According to a recent study, 97% of executives expect to see increased competition for talent over the next 12 months.
That’s the view shared by thousands of business executives who responded to business consultant Mercer’s 2019 Global Talent Trends Study.
And, the study found, more than half of executives from high-growth companies – 52% – see the length of time it takes to find and hire new talent as their biggest people-related challenge.
‘Human capital risks’
That’s why more organizations are focusing on how to address what the study labels “human capital risks.”
They are working to understand where their workforces lack skills needed to compete now and in the future.
And they’re looking to HR to develop people strategies focused on identifying and filling those gaps.
According to Mercer’s analysis, that requires breaking down HR silos.
The consultancy recommends closely integrating talent acquisition, compensation and benefits, career development and learning and aligning them with organizations’ strategic priorities.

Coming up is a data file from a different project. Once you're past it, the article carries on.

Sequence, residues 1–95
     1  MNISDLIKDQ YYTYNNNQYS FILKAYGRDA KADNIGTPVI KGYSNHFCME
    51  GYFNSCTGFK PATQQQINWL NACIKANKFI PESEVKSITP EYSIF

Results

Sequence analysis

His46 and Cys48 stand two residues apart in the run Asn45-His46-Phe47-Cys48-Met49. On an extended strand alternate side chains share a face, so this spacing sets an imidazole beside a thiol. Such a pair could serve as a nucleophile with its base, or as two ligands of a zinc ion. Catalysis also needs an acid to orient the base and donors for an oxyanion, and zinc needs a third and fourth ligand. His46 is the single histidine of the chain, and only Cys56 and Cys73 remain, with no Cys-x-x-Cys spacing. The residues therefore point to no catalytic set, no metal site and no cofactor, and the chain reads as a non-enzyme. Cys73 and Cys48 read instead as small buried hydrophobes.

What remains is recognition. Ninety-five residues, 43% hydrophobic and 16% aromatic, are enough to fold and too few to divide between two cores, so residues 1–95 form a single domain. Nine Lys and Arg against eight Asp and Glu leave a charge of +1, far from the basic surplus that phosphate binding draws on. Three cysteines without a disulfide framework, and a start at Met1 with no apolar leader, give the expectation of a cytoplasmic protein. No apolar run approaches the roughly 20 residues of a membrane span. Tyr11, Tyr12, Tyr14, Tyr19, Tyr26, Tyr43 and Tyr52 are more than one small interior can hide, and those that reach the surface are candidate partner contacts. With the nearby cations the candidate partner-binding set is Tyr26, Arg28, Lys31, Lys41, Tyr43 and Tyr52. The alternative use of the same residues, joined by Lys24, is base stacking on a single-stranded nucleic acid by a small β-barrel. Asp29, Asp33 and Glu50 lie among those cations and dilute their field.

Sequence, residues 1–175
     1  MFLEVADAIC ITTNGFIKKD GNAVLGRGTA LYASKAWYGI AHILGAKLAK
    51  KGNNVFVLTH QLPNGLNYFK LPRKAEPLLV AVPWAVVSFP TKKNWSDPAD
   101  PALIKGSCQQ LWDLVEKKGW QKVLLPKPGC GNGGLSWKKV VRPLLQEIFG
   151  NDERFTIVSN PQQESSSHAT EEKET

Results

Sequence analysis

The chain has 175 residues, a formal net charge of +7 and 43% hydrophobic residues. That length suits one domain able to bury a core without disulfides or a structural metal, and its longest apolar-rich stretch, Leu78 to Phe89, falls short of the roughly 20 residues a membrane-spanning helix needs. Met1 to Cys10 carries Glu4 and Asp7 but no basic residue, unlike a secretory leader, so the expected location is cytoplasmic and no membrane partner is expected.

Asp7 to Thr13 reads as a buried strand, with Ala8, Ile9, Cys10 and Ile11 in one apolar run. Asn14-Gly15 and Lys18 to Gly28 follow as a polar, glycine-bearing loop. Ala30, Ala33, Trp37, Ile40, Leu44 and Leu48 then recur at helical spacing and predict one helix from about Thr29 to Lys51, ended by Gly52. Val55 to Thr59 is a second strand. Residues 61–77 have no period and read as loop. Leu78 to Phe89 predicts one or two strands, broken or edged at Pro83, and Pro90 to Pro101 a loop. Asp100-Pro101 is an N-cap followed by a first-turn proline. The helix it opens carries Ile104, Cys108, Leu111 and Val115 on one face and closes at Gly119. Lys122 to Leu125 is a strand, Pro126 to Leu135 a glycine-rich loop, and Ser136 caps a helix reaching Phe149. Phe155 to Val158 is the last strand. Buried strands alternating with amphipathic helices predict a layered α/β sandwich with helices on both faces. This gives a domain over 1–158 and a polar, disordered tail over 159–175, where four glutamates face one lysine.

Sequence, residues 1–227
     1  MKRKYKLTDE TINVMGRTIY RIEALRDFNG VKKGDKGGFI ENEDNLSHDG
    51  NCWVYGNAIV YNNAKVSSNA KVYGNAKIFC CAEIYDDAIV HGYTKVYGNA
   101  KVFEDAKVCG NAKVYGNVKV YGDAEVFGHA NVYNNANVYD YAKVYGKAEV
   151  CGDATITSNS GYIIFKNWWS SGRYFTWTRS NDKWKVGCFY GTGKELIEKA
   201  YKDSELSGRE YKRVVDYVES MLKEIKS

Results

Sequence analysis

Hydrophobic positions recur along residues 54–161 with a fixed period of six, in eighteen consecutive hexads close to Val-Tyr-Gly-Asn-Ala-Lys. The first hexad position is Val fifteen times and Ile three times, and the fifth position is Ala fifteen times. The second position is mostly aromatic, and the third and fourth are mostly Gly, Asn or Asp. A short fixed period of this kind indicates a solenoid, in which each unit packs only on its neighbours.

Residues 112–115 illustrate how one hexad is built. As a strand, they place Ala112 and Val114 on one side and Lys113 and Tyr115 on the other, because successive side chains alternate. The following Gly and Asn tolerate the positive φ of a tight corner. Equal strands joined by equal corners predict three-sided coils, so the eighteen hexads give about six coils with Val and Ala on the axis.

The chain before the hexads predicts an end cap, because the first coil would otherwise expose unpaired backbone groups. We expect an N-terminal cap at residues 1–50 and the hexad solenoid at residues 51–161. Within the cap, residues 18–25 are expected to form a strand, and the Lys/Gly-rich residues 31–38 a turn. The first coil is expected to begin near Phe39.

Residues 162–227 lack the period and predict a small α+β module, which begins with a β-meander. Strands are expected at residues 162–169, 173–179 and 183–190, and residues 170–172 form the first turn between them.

With competition for talent so intense and market trends so unpredictable, developing the skills of existing employees becomes more urgent.
Mercer states that companies are spending about $1,000 per person on helping employees improve or add new skills by offering employee-directed learning programs or more formal, targeted training.
And companies are investing in “upskilling and reskilling” initiatives.
But there are barriers that are stopping some companies from implementing training programs.
HR leaders told Mercer that the biggest of those barriers is fear that competitors will reap the benefits of training investments when employees leverage newly acquired skills to get jobs with other companies.
They are also redesigning jobs to help keep employees engaged and inspired. They are increasingly focused on aligning those jobs explicitly with their organization’s culture, values and strategic goals — and eliminating jobs that don’t.
To keep talent, reports Mercer, many organizations are focused on developing and maintaining an attractive “talent value proposition.”
That includes work/life balance, transparency and trust
And, Mercer says, HR plays a critical role in designing and supporting a “human-centered” strategy necessary to compete for and continuously develop the talent needed to compete in complex and rapidly changing markets.
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